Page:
WILMINGTON, Del. (AP) - The organizer of a hip-hop concert is suing the city of Wilmington over its demand to be reimbursed for providing security for the event, which was staged with the help of city officials, including the organizer’s mother.
Foxtail Fest organizer Brandon Potter, son of Mayor Dennis Williams‘ former chief strategy adviser, argues in a Chancery Court lawsuit that his company is not liable for $6,821.02 in police, fire and emergency services personnel costs.
The lawsuit, which was served on the mayor’s office Thursday, claims that the company called What Scene? did not request and did not need the city personnel, and that officials unilaterally decided to deploy them to the riverfront festival site last fall.
But the lawsuit claims Williams himself was involved in decisions regarding the event.
According to the lawsuit, Williams “approved the event on behalf of the city and pledged his support” in a July 2013 meeting with Brandon Potter and suggested that Potter talk with cultural affairs manager Tanya Phillips “to see how the city could be of further assistance. …”
The lawsuit also claims that in a private meeting four days after the event, with questions being raised about the involvement of city officials, Williams said he had personally decided to cause five Wilmington Police Department officers to be deployed.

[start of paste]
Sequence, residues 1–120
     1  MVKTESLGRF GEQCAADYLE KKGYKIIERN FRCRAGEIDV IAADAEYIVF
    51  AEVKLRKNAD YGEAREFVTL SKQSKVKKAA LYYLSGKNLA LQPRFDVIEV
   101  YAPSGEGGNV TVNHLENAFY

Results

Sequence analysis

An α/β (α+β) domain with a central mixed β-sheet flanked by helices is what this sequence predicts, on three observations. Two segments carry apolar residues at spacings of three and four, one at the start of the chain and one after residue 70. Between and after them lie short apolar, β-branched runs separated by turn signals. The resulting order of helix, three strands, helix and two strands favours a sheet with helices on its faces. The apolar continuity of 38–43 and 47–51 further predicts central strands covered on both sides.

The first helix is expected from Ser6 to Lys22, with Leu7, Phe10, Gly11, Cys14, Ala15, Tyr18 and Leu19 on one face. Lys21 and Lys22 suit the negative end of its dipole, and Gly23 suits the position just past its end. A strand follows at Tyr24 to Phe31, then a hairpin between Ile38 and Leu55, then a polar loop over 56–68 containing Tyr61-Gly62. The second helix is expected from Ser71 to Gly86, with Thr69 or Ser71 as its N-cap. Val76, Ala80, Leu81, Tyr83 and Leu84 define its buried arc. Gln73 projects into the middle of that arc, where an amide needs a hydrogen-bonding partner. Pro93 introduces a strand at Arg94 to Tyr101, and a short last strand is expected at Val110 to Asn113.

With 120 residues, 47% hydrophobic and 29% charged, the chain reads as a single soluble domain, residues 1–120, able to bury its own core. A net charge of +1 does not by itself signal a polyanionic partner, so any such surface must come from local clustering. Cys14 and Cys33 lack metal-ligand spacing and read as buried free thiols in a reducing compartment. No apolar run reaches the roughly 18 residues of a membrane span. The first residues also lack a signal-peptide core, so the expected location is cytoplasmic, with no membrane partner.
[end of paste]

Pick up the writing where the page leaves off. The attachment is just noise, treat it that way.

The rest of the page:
“I’m the mayor of Wilmington. I forced those officers to work due to the fact that we were having visitors from other states attending this event,” the lawsuit quotes Williams as saying. “Ultimately, I’m responsible for the safety of them along with the residents of Wilmington. … I’ll accept full responsibility for any fallout as a result of my decision.”
In a radio interview a week later, Williams criticized Jones-Potter, whose husband is the mayor’s cousin and a Democratic state representative, saying her “deep involvement with Foxtail was a huge mistake.”
A spokeswoman for Williams said Friday he would not talk about the lawsuit or allegations that he was involved in decisions regarding Foxtail Fest.
“The mayor’s not going to talk about this issue any more,” said spokeswoman Alexandra Coppadge.
“The mayor’s said several times in interviews and news releases that he had no involvement in deployment of officers to this particular event,” she added. “The mayor’s clearly stated several times that he had no involvement in that.”
The lawsuit claims that after too few Wilmington officers volunteered to work the festival for off-duty pay, city officials rejected What Scene?’s offer to add more private security or hire off-duty state troopers or county police.
According to the lawsuit, Jones-Potter, who attended the meeting, knew that the city’s positions violated city code and special events guidelines because What Scene had the right to provide security coverage on its own.
“Since WPD had no interest in resolving the situation and simply stated that Foxtail Fest would be cancelled, Velda Jones-Potter telephoned the mayor who, in turn, attempted to bring in the WPD chief of police into the discussions,” the lawsuit states.